Male menopause (andropause) involves the hormonal, physiological and chemical changes that occur in all men generally between the ages of 40 and 55.
Approximately 40% of men in their 40s, 50s and 60s will experience some degree of lethargy, depression, increased irritability, mood swings, and difficulty in attaining and sustaining erections that characterize male menopause.
Although the causes of male menopause have not been fully researched, some factors that are known to contribute to this condition are hormone deficiencies, excessive alcohol consumption, smoking, hypertension, prescription and non-prescription medications, poor diet, lack of exercise, poor circulation, and psychological problems. The few doctors who profess to be experts in this area have widely divergent opinions. However, all of the experts do agree that a general decline in male potency at mid-life can be expected in a significant proportion of the male population.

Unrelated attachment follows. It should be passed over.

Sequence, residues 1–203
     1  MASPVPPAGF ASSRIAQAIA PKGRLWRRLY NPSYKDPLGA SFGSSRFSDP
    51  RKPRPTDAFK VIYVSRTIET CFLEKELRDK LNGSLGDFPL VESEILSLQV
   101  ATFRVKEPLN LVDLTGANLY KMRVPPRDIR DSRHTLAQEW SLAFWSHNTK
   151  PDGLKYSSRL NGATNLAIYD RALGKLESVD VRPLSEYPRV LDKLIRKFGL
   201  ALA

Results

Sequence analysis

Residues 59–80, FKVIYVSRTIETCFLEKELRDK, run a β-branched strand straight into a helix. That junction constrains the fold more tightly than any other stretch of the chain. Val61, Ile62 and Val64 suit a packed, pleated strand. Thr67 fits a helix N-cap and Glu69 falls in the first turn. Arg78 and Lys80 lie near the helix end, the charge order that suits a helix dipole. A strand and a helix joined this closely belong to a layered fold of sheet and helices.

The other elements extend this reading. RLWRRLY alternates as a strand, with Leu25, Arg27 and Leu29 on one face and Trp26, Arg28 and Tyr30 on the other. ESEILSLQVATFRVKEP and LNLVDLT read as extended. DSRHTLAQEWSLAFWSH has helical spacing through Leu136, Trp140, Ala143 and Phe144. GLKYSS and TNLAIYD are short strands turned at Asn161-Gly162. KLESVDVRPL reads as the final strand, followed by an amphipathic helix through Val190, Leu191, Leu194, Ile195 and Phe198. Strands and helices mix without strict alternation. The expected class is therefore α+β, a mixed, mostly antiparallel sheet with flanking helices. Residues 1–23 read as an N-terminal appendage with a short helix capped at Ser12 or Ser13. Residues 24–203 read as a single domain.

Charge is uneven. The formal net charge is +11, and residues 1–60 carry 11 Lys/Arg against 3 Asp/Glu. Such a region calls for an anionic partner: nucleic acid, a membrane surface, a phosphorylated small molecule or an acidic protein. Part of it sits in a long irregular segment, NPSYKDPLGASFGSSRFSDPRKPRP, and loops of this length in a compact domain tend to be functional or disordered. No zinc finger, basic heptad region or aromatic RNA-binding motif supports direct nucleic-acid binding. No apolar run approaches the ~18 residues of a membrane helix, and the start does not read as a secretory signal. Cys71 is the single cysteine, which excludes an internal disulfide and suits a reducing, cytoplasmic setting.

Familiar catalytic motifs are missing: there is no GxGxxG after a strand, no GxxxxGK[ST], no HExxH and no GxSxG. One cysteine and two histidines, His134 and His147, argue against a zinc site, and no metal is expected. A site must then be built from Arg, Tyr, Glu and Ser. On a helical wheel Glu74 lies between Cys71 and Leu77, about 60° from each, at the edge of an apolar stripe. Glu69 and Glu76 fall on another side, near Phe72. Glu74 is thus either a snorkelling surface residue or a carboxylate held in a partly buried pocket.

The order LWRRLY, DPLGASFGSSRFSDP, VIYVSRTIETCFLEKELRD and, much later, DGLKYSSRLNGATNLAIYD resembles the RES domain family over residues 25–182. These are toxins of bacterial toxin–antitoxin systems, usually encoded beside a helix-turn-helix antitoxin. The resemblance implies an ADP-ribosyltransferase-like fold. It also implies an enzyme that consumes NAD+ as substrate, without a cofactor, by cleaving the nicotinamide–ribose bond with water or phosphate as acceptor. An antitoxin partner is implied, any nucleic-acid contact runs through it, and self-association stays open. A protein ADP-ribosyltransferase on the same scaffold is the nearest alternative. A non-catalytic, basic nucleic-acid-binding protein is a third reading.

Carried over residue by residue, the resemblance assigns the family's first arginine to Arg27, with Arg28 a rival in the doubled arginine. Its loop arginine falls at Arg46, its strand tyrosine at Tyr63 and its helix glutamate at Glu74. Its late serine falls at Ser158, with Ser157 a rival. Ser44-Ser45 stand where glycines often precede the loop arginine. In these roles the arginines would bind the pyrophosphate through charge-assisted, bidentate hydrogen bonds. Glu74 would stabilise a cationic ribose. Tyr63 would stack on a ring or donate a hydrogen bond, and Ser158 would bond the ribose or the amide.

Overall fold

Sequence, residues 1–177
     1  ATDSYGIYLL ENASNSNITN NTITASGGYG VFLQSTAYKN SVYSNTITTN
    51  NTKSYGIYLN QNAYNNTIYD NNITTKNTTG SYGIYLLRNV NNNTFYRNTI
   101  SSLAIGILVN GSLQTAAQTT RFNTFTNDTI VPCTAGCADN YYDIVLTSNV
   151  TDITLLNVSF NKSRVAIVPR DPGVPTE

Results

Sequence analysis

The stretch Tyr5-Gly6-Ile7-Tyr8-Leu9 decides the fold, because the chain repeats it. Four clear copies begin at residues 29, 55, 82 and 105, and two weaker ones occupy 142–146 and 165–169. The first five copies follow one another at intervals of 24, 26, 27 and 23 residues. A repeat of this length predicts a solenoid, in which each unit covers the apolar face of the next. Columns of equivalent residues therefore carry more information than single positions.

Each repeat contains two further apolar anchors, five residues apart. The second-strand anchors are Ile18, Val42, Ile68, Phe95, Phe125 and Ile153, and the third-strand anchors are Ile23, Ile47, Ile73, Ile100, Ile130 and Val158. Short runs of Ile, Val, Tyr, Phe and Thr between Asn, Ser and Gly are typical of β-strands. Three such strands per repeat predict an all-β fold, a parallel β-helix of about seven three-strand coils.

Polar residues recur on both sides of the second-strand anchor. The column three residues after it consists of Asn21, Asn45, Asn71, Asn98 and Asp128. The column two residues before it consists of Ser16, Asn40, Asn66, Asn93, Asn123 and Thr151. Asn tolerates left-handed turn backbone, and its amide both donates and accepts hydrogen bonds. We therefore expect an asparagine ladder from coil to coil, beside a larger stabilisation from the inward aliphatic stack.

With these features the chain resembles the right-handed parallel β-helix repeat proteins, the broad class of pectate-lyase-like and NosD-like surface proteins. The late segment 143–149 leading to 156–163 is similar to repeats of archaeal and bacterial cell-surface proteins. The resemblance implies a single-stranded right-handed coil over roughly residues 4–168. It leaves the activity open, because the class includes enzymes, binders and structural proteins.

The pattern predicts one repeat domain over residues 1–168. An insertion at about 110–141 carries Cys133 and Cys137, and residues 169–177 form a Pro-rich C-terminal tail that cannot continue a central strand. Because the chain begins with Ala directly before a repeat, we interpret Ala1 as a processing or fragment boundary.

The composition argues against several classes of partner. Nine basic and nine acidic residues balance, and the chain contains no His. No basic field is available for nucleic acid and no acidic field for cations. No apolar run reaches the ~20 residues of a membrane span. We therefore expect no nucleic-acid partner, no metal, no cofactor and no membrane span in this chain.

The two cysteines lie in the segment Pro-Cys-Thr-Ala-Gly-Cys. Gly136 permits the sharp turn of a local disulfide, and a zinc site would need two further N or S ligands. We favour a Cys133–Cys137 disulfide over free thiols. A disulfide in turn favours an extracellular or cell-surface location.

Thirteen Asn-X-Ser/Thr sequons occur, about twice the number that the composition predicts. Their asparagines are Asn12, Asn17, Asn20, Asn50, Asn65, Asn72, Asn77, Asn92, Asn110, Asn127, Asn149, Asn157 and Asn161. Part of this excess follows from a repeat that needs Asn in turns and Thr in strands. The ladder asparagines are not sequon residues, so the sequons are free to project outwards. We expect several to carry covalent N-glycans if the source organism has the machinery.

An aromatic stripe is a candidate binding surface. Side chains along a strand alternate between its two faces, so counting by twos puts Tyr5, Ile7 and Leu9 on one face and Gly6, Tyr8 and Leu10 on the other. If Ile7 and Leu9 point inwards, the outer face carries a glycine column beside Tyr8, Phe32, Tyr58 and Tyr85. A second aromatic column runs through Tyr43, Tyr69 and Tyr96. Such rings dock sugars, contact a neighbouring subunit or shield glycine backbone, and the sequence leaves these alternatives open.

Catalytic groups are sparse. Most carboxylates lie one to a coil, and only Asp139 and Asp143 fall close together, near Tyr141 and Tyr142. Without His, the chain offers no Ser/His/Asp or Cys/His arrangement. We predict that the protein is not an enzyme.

Many endocrinologists and scientists who have pioneered hormone studies say the phenomenon of male menopause correlates with a decline in testosterone levels. Testosterone is the hormone that stimulates sexual development in the male infant, bone and muscle growth in man and is responsible for sexual drive.
Low testosterone has been found to cause fatigue, depression, loss of concentration, as well as decreased muscle strength and endurance. Testosterone is more important in libido or sex drive than in the erectile mechanism. Men with low testosterone levels will have problems with erections.
Total serum testosterone should be > 350 ng/dl. 200 ng/dl to 349 ng/dl require further evaluation.
Free testosterone levels need to be measured to assess the available (unbound) testosterone in the body.
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